MADRID (Reuters) - The leader of armed Basque separatists ETA was caught on Sunday in northern France, the Spanish Interior Ministry said, in what was the latest blow to a group weakened by hundreds of arrests. Ibon Gogeascoechea, on the run since 1997, was caught along with two other senior ETA rebels in a joint Spanish-French raid near the small town of Cahan in Normandy, the ministry said.
He was wanted for a plot to attack the Guggenheim Museum in Bilbao during a visit by Spain’s King Juan Carlos.
Security forces believe ETA, which wants independence for the Basque Country and has killed more than 850 people, has been severely weakened by hundreds of arrests in recent years.
Much of the improvement has been due to better coordination between authorities in Spain and France, which ETA has long used as a hideout.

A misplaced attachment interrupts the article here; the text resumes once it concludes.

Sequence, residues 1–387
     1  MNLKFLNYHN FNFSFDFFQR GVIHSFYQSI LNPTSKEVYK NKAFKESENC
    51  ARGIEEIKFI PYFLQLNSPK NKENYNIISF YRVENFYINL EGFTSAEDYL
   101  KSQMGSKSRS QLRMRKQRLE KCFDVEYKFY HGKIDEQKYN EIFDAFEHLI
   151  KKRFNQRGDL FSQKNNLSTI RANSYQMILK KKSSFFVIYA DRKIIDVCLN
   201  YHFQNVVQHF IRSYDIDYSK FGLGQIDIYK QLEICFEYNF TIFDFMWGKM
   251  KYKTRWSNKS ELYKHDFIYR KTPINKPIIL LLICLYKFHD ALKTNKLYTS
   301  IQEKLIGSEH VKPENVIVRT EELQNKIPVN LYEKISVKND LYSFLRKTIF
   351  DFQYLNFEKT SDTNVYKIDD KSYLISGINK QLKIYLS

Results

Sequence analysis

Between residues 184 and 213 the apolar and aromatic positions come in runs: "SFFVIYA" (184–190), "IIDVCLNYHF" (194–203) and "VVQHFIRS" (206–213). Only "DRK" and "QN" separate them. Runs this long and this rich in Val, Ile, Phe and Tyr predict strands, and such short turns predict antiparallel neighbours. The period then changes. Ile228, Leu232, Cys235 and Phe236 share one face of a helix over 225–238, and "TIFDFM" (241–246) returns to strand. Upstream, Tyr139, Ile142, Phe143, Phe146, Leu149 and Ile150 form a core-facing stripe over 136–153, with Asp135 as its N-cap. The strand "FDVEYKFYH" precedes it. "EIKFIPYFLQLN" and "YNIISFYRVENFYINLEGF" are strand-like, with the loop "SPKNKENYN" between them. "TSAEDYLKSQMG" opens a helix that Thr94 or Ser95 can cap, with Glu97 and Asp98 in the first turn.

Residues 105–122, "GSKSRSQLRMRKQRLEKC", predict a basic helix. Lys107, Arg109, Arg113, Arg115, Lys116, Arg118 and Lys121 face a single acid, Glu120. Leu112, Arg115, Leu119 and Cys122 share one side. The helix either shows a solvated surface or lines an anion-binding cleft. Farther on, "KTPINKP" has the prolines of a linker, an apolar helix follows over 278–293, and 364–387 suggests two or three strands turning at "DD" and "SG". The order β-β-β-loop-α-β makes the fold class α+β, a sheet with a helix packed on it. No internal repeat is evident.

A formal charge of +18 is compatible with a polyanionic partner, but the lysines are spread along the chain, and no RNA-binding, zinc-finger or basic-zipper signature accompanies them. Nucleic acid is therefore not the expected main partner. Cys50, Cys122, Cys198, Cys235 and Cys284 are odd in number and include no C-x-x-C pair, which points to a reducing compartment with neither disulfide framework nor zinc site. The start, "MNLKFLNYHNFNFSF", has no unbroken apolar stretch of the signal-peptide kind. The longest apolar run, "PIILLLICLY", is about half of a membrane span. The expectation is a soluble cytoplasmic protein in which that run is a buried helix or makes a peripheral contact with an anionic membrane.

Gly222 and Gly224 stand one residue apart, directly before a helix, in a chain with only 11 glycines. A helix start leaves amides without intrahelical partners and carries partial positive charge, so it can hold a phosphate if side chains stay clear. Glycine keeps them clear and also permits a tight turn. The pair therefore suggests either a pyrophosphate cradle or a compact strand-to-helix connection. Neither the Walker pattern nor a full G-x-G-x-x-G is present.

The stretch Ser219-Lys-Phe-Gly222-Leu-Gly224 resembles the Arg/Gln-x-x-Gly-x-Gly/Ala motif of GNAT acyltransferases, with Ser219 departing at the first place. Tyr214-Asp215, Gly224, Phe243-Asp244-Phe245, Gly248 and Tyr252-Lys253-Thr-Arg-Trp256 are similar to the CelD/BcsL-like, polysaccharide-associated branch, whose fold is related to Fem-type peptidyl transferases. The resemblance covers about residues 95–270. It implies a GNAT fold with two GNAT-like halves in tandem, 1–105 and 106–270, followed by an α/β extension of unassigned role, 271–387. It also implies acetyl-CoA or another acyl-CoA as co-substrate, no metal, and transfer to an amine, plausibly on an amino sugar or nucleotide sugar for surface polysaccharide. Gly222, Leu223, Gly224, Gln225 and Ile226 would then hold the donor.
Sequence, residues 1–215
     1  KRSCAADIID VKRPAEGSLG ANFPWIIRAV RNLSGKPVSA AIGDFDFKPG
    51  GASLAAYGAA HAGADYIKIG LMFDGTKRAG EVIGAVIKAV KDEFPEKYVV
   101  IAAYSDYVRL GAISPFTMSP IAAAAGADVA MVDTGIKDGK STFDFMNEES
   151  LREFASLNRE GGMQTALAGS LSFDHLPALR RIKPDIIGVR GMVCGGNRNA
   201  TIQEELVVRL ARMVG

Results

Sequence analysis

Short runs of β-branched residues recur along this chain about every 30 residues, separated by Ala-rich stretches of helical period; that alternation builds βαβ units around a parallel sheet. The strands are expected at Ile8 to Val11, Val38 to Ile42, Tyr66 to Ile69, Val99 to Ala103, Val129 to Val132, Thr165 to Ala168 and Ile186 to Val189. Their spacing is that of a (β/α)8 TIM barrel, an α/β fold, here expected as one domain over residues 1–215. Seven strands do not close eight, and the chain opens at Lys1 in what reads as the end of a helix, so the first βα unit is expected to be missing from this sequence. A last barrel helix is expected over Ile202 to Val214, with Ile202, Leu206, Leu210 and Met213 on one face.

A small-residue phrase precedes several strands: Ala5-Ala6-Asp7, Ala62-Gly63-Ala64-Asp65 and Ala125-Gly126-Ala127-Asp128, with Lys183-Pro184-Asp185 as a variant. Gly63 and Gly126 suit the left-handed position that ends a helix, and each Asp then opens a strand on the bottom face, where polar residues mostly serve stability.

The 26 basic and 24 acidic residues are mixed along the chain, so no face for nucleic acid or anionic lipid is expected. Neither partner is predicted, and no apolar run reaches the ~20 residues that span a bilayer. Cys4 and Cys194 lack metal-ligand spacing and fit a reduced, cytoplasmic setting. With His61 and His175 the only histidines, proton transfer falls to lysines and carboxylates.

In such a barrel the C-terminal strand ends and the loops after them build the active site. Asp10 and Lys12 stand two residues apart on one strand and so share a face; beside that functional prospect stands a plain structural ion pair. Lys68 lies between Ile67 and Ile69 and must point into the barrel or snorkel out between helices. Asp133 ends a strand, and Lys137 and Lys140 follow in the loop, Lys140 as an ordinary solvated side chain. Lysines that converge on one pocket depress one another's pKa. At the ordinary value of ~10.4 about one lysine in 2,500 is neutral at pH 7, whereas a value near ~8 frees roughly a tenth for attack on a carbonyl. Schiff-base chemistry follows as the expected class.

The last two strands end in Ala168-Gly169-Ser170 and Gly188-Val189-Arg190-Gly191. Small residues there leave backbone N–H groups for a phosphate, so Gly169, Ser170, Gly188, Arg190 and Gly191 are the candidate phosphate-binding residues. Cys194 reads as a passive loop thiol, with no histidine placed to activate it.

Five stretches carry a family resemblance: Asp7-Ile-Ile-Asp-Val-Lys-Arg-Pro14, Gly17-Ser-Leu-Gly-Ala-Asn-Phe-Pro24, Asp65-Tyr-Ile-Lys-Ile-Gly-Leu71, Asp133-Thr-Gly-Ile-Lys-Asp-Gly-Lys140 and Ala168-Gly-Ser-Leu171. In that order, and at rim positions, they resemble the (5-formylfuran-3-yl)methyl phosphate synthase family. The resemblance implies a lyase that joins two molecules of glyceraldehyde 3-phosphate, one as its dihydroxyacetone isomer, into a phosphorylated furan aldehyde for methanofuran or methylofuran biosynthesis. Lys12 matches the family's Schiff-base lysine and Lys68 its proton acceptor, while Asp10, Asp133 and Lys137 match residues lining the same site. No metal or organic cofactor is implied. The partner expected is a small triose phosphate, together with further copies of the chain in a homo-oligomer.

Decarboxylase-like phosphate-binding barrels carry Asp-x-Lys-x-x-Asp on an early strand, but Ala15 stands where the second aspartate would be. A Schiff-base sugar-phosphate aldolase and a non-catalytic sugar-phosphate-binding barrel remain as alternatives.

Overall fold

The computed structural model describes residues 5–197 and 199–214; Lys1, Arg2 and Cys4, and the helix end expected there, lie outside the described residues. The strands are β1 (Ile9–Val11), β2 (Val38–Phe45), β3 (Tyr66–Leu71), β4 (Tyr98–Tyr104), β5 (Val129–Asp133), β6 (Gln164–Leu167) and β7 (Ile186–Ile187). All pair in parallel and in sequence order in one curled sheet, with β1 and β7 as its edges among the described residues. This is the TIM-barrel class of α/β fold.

A leading member of the group’s political wing Batasuna last week called on ETA to continue its struggle by peaceful means.
But Batasuna has lost influence over the rebels since the collapse of peace talks with the Spanish government following a bomb attack on Madrid airport in 2006 which killed two people.
The 54-year-old Gogeascoechea and his accomplices were caught in a car with false license plates after arousing suspicion by renting a rural house using fake identities, the Interior Ministry said.
ETA’s last fatal attack was the killing of two police officers on the island of Majorca in July.
Reporting by Jason Webb; editing by Myra MacDonald